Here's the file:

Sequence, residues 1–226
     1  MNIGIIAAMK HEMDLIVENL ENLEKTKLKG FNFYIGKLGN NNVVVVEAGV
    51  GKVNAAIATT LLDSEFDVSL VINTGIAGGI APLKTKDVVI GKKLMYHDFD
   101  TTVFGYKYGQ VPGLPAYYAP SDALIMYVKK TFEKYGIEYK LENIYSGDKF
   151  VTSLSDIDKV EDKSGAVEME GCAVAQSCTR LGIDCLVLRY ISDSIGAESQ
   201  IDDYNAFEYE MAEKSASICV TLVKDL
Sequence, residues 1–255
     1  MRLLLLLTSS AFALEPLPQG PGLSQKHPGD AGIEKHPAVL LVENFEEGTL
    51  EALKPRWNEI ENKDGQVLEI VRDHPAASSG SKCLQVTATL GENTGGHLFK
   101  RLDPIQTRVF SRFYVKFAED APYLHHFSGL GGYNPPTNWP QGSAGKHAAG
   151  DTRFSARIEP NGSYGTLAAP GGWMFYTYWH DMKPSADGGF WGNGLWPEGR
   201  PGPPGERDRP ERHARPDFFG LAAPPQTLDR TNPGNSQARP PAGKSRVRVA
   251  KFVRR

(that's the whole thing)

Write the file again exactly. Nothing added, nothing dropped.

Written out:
Sequence, residues 1–226
     1  MNIGIIAAMK HEMDLIVENL ENLEKTKLKG FNFYIGKLGN NNVVVVEAGV
    51  GKVNAAIATT LLDSEFDVSL VINTGIAGGI APLKTKDVVI GKKLMYHDFD
   101  TTVFGYKYGQ VPGLPAYYAP SDALIMYVKK TFEKYGIEYK LENIYSGDKF
   151  VTSLSDIDKV EDKSGAVEME GCAVAQSCTR LGIDCLVLRY ISDSIGAESQ
   201  IDDYNAFEYE MAEKSASICV TLVKDL
Sequence, residues 1–255
     1  MRLLLLLTSS AFALEPLPQG PGLSQKHPGD AGIEKHPAVL LVENFEEGTL
    51  EALKPRWNEI ENKDGQVLEI VRDHPAASSG SKCLQVTATL GENTGGHLFK
   101  RLDPIQTRVF SRFYVKFAED APYLHHFSGL GGYNPPTNWP QGSAGKHAAG
   151  DTRFSARIEP NGSYGTLAAP GGWMFYTYWH DMKPSADGGF WGNGLWPEGR
   201  PGPPGERDRP ERHARPDFFG LAAPPQTLDR TNPGNSQARP PAGKSRVRVA
   251  KFVRR